German court allows Tesla to cut trees to construct Gigafactory 4

The electric carmaker aims to start manufacturing process in its German facility by 2021, producing 150,000 cars annually

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Tesla once again started cutting trees in Gruenheide, Germany on Friday, after a local court intervened and rejected a plea by environmentalists to stop local deforestation. Tesla has been clearing a large number of trees at Gruenheide, the proposed site for its fourth Gigafactory and the first in Europe.

Tesla has been facing severe resistance from German environmentalists since it started cutting trees at the proposed site. The electric carmaker has been working at jet speed to construct its factory in Germany, where it intends to start production at the earliest.

Relief for Tesla

Electric car

Tesla resumed cutting trees at its German factory site from Friday after a local court on Friday intervened and rejected a plea by environmentalists to stop felling trees for land clearing. The court said that it couldn't be appealed. The court's decision was welcomed by Tesla. The US electric carmaker said, "Tree clearance is proceeding in an orderly manner," Tesla said on Friday adding that no environmentalists are holding up the process further.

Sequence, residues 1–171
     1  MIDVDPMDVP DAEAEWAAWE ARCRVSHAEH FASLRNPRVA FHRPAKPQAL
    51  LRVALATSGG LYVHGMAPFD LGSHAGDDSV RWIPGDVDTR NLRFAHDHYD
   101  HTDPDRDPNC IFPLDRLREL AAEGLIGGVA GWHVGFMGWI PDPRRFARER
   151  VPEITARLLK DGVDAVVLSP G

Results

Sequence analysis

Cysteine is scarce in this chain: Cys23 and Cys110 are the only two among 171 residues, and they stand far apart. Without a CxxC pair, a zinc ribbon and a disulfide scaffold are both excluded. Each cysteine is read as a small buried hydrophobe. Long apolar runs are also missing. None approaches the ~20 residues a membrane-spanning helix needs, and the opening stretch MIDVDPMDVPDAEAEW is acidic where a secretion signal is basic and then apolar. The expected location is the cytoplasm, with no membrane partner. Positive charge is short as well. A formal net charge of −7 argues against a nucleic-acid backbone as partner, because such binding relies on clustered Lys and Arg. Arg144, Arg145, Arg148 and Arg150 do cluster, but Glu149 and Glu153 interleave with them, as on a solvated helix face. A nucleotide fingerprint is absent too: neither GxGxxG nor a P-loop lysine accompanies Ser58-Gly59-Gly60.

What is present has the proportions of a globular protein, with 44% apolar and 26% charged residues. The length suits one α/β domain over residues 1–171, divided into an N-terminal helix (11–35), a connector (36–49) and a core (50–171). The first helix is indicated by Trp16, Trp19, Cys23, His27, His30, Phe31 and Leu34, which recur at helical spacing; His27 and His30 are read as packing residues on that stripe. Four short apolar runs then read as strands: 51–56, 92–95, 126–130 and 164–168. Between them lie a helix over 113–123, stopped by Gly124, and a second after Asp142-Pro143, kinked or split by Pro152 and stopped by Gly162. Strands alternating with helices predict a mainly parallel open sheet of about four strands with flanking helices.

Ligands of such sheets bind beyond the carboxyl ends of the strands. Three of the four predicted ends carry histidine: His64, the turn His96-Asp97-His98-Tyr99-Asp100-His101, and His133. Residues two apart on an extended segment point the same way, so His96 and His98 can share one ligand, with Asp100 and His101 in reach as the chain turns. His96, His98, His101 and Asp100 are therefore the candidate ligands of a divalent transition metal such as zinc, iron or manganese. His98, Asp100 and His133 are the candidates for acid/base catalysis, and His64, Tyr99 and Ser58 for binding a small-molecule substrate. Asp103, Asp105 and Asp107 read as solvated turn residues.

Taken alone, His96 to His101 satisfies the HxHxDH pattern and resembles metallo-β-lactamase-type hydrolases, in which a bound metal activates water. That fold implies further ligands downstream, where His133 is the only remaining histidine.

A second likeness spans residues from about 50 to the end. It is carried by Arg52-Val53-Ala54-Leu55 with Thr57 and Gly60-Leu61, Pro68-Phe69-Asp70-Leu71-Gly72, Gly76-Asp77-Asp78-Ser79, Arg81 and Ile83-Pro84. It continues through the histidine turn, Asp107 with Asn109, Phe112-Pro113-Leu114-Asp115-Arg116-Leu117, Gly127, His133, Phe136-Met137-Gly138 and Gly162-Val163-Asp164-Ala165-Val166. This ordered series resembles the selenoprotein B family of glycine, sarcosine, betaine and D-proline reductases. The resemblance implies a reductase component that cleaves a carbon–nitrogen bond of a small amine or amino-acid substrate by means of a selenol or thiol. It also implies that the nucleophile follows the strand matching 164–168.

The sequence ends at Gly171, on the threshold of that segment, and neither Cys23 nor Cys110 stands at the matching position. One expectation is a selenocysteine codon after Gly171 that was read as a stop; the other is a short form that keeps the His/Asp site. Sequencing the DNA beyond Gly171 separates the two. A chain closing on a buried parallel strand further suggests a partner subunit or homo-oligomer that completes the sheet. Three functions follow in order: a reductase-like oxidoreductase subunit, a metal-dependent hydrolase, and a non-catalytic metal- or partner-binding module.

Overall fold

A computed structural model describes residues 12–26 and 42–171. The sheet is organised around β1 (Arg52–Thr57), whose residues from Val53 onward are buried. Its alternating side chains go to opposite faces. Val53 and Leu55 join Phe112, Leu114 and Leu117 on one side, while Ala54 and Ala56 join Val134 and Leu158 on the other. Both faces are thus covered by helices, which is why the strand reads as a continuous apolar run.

On February 15, the tree-cutting operation was halted following a complaint filed by environmental group Gruene Liga Brandenburg. Tesla plans to start build a factory and start production in Germany from 2021 and had been working at a rapid pace. However, legal loopholes allowed environmentalists to appeal for a halt in the tree cutting process till an environmental audit is done to gauge if the process could endanger any rare species.

Germany welcomes decision

Tesla Model 3
Tesla Model 3 Tesla

Germany's industry association BDI and economy minister Peter Altmaier also welcomed the court's ruling. Earlier, Germany's pro-business Christian Democrat and Free Democrat parties had said that such steps by environmentalist could damage the country's image as an investment hub in Europe. Also, the country's most prominent business lobby Federation of German Industries, welcomed the decision describing it as "an important signal for Germany as a site for investment".

In November, Tesla's chief executive officer Elon Musk had announced the company's plans of launching its fourth Gigafactory in Germany. This will also be its second factory outside the US and the first in Europe. The factory will produce both cars and batteries here and will create around 12,000 jobs. Tesla aims to manufacture around 150,000 electric cars in its German facility.

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